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Mark and War

Posted by Bob on December 21st, 2005 under Comment Responses, History

I will get off my self-flagelaton for time to address the point Mark made me think of.

What ever happened to DECLARING war?

As Mark pointed out, we have repeatedly killed off tens of thousands of our young men, time after time, since 1941 and not even THOUGHT of declaring it a WAR.

This phenomenon is not at all limited to the United States. I vividly remember the one time I totally took Israel’s side against the Arabs.

Ignoring the complications, which are fascinating to someone interested in international and a bore to anybody else, all of hte Arab states except Lebanon declared war against Isreal in 1948.

When I went into Israel, just as when I went into Rhodesia, I would get my visa stamped on a separate peice of cardboard, not in my passport. The reason for this was that if yo had a Rhodesian visa in your passport you could not get into black-ruled countries.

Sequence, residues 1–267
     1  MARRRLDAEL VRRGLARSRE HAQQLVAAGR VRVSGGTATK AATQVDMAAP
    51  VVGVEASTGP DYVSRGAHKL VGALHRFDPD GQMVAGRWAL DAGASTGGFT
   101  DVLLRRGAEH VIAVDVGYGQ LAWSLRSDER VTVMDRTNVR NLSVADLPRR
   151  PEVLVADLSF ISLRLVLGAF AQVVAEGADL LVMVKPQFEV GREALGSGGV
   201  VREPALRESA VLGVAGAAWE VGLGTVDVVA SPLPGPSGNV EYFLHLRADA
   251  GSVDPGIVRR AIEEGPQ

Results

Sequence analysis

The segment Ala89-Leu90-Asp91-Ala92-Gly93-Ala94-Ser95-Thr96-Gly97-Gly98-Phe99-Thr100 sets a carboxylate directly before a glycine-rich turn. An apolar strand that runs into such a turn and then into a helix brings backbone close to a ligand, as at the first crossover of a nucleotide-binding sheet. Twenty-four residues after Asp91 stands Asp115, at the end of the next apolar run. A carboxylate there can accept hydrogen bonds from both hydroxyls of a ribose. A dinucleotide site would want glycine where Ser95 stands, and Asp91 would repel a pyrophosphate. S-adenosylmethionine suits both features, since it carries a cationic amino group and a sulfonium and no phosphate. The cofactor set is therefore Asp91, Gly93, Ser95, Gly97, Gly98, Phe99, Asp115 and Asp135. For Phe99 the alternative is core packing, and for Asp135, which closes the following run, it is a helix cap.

By the same token, a passport with an Israeli visa meant you could not get into the Arab countries who were officially at war with Israel.

Then around 1980 Israel conducted a sneak attack and bombed out Iraq’s nuclear power plant because it might make them capable of obtaining nuclear weapons.

I was in a peculiar position. I was certainly no friend of Israel, and I had no interest in whether they were right or not in attacking the plant.

No, my problem was entirely different.

I DESPISE the guy in the bar who acts like he is about to fight someone but waits until there are people to grab his arms and shouts, “Lemme at him! Lemme at him!”

He is a coward posing as a real fighter.